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The art of scientific glass blowing at UW-Milwaukee

Test tube containing chemical liquid in laboratory, lab chemistr
totojang
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If you heard your university had a resident glass blower, what would come to mind? You might be thinking of someone who creates vases or artwork using molten glass. In the case of UW-Milwaukee, their resident glass blower works with chemists instead of artists. But that doesn't mean the job doesn't require creativity.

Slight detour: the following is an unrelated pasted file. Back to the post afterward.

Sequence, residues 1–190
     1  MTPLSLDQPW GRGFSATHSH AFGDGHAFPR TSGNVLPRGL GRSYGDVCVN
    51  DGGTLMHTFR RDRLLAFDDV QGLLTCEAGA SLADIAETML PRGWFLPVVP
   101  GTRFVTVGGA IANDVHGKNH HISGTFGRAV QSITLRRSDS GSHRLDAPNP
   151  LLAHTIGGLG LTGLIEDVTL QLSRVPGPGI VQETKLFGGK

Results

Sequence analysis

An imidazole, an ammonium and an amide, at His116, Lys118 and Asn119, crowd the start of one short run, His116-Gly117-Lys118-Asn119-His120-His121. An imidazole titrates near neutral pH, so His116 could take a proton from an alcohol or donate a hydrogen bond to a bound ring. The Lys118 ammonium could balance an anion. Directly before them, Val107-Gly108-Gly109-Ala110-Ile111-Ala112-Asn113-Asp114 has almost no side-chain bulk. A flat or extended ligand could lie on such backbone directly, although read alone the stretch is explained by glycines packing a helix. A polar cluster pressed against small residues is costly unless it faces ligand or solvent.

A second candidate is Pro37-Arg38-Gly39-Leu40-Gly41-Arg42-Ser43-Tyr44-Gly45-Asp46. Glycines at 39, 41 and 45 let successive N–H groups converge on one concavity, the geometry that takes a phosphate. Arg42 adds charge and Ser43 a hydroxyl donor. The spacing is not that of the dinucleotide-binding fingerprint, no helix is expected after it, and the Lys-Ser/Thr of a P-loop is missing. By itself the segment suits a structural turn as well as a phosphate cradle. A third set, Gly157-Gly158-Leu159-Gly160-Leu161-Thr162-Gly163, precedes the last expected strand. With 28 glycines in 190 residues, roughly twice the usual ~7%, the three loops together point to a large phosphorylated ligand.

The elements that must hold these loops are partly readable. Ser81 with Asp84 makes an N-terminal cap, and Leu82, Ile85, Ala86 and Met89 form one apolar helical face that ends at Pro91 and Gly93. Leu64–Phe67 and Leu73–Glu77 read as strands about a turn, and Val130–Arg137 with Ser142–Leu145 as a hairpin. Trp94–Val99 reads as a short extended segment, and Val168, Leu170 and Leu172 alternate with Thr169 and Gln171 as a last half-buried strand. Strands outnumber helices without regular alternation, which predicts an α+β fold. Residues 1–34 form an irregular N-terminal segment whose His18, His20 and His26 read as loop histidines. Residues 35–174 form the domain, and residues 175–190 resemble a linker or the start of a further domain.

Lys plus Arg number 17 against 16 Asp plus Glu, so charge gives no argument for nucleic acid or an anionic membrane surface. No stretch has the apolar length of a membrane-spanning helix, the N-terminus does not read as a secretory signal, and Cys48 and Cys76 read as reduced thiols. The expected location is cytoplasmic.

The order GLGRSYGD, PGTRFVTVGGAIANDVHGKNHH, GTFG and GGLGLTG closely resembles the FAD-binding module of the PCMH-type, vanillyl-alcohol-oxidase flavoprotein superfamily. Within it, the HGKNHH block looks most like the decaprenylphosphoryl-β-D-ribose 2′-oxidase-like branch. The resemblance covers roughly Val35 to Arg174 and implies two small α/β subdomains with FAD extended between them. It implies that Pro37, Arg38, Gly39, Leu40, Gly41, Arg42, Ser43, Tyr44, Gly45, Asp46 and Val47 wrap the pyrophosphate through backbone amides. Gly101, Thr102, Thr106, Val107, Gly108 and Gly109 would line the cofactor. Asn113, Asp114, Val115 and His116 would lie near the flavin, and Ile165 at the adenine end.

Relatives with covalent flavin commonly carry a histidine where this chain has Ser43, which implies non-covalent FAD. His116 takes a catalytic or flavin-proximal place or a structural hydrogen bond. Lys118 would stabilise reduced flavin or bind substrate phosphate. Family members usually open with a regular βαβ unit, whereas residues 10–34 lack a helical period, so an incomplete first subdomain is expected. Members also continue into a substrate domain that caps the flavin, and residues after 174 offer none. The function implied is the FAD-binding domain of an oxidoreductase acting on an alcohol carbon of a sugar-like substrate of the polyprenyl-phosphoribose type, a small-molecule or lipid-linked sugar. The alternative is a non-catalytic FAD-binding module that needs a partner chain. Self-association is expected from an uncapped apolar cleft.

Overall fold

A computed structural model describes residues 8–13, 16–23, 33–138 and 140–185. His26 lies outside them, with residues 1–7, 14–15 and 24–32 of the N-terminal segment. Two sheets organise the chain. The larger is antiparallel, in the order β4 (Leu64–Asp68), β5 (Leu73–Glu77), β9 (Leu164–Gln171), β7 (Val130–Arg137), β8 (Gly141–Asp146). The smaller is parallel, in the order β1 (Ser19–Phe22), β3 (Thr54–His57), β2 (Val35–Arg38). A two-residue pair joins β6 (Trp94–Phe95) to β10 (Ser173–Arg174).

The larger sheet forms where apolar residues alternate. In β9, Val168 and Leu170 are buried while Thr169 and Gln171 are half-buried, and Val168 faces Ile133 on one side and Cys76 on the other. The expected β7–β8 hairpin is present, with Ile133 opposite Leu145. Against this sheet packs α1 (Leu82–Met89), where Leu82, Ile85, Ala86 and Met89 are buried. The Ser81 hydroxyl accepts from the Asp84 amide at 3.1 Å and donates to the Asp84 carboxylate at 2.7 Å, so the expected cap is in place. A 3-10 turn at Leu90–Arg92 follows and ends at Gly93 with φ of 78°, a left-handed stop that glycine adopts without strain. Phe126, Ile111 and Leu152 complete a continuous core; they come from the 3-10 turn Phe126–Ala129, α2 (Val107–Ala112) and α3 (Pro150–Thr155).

"We really assemble parts together, valves, joints, tubing... so that scientists, especially in organic chemistry, can use them to do their research," says Neal Korfhage.

Scientific glass blowers create unique pieces to fit the needs of the chemists they work with. That uniqueness is part of why many colleges and other scientific research institutions employ in-house glass blowers.

Korfhage explains, "I can directly interact with the professor or the graduate student, to get exactly what they need. So if they come down to my shop with a drawing and say, 'I really need this setup,' then I can tell them if it'll work or if it's feasible or some modification they might need to do."

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